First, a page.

Public Transportation Research Paper

The present paper deals with intermodal integration as a measure to embrace new transit modes into current public transport systems. The contents are divided into a theoretical re-view and the development of the case study in Thessaloniki, Greece. The former includes a definition of integration and the determination of its several levels: operational (composed of layout, schedule, and information, fare and ticket integration), physical, and organizational. Throughout the second part, the case study of Thessaloniki is developed, where the construction of a new metro system will transform the current bus-only system into a bimodal transit network. The future operation of the two modes and their multiple lines by different agencies calls for an integration strategy to ensure coordination and cooperation of all involved parties. As the metro system is currently under construction, the first step is ensuring layout integration. Therefore, the current transit offer is analyzed, and deficiencies regarding layout integration are identified. Finally, the detailed design of a new bus system is proposed in order to establish a new network plan with clear roles and structured hierarchy. The new layout consists of a three-leveled network with specific functions and performance characteristics for each level, ensuring good connectivity and coordination between the modes and lines.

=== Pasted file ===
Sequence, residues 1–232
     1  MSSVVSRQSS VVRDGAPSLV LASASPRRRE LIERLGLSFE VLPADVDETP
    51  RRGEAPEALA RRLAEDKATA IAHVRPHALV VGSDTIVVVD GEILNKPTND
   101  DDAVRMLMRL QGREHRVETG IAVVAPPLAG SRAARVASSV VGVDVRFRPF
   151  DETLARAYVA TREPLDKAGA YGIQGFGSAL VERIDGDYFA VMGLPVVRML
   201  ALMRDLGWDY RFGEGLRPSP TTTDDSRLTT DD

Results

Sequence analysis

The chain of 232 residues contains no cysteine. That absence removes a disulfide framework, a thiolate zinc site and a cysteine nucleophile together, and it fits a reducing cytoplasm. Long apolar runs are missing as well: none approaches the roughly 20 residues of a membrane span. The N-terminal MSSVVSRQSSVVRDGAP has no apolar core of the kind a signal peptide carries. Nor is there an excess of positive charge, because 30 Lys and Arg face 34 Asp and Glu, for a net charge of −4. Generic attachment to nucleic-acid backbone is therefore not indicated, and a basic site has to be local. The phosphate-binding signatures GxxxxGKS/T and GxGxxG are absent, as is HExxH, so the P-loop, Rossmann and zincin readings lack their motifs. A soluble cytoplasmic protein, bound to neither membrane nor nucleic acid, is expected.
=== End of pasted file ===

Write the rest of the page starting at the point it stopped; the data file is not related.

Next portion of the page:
Author Biographies

Sam McLeod is an urban planner and researcher interested in transport, public health, urban systems, and the future connected cities. Currently at Curtin University, he is an early career member of the Urbanet research team and assists teaching undergraduate planning units within the School of Built Environment.

Jan Scheurer is a senior research fellow at the School of Built Environment, Curtin University, an honorary associate at the Centre for Urban Research (CUR), RMIT University, and a frequent visitor at the University of Amsterdam (UvA) and RMIT Europe (Barcelona). Jan’s areas of expertise are urban design, transport and accessibility planning, sustainability policy, and mobility culture.

Carey Curtis is a professor of city planning and transport and a director of the research network Urbanet. Her research interests cover land use planning and transport planning, including a focus on city form and structure, transit-oriented development, personal travel behavior, accessibility planning, institutional barriers to sustainable transport, and governance and transport policy. Most recently, she has been a visiting professor at the Unit for Human Geography at the University of Gothenburg.

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